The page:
I finally made it over to Shea Stadium, one of the many D.I.Y. concerts venues in Bushwick, for last Friday's Microphone Memory Emotion and Rose Quartz showcase. Though it wasn't an official CMJ event, I wasn't familiar with any of the bands, and that's good enough for me to count it as part of the marathon. The venue is really cool, with Mets paraphernalia, homemade lights, and some couches. It's a nice, intimate size, although everyone's ears were aching a bit afterwards.
Pigeons started things off with a pleasant, ethereal haze, with the singer sounding like a doppelganger for Asobi Seksu's Yuki Chikudate on the first song I heard. The band meandered in the best way, saturating the room with pretty vocals and shoegazey instruments. There was even some French lyrics at the end, à mon excitation.
Fluffy Lumbers weathered some technical problems - singer Samuel Franklin's voice was a bit buried under the guitars - but they played a satisfying, hard-hitting set. Guitarist (and former WNYU DJ) Alex Craig would play a few chords from various classic rock songs during lulls, and while Fluffy Lumbers comes from a scrappier sort of indie inspiration, they had some guitar chops for sure. The band will be playing at the Metropolitan Museum of Art (!) on Nov. 3 as part of the John Baldessari event, and while Franklin said they needed practice, they should be fine, judging from what I heard.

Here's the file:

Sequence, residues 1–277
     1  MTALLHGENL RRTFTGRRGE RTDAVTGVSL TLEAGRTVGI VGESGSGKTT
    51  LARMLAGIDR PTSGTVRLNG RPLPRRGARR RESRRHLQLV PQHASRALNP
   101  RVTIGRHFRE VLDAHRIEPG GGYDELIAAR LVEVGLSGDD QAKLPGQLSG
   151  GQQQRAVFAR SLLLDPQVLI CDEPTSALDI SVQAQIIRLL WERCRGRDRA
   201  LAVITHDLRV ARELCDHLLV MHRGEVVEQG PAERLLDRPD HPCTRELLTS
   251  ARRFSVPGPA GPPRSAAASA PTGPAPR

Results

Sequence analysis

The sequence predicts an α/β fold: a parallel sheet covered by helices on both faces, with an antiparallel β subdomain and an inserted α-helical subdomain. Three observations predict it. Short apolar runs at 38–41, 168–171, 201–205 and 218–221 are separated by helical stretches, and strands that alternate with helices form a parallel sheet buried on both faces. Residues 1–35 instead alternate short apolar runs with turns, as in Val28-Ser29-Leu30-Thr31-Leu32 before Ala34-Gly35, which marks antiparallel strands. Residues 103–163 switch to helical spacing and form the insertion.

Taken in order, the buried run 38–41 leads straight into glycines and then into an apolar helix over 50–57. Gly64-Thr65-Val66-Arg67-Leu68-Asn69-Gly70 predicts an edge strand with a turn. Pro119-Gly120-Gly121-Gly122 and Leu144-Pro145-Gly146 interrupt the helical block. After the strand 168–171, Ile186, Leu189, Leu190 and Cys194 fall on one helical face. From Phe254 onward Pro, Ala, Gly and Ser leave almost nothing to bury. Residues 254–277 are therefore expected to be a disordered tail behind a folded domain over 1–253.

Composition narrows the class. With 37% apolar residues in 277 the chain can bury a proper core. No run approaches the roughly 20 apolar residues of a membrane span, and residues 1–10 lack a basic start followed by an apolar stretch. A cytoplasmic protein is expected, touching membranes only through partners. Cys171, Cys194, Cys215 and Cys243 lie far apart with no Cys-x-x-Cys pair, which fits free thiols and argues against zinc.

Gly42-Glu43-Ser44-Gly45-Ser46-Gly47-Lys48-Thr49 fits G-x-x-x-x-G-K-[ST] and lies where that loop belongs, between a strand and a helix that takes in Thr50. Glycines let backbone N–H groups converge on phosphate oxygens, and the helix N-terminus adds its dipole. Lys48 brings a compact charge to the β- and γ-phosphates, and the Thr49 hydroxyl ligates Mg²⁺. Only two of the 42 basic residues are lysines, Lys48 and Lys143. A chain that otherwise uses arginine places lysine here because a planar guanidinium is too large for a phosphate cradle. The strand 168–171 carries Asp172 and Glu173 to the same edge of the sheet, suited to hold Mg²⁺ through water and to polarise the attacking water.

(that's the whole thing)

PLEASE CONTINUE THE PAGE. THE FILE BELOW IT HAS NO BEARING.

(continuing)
Ecstatic Sunshine was next. The band is just Matthew Papich now, with old member Dustin Wong leaving to focus on Ponytail and his solo stuff, and I'll admit it was a little jarring going from a Fluffy Lumbers' full-out sound to Papich's electronic textures. Wong is a guitarist, and there was still some six-string residue coming out of Papich's machines, which danced between ambient washes and more song-based structure. The visuals were particularly cool here, with two women swirling liquid over a projector. Talk about D.I.Y.!
Here are two tracks, courtesy of Last.fm.
MP3: Ecstatic Sunshine - Hello Money
MP3: Ecstatic Sunshine - No Future I'm Dead
Street Chant, from New Zealand, are a lean three-piece that evoke Sleater-Kinney. They played a straightforward, no-frills set, although there was some nice harmonizing between the two singers. But for the most part, it was brisk song after song, and judging from the few girls dancing vigorously in front of the stage, that was just fine.
Family Portrait were loud. The singing was pretty tuneful, but the guitars and synth were what was etched - literally - into my eardrums. It was hard to pick out distinct elements under the blasts, but there was some interesting stuff going on under the fuzz.
Unfortunately I had to head out before Andrew Cedermark, but it was still a great show, and I'll try to get back to Shea soon.
Rest of the photos after the jump.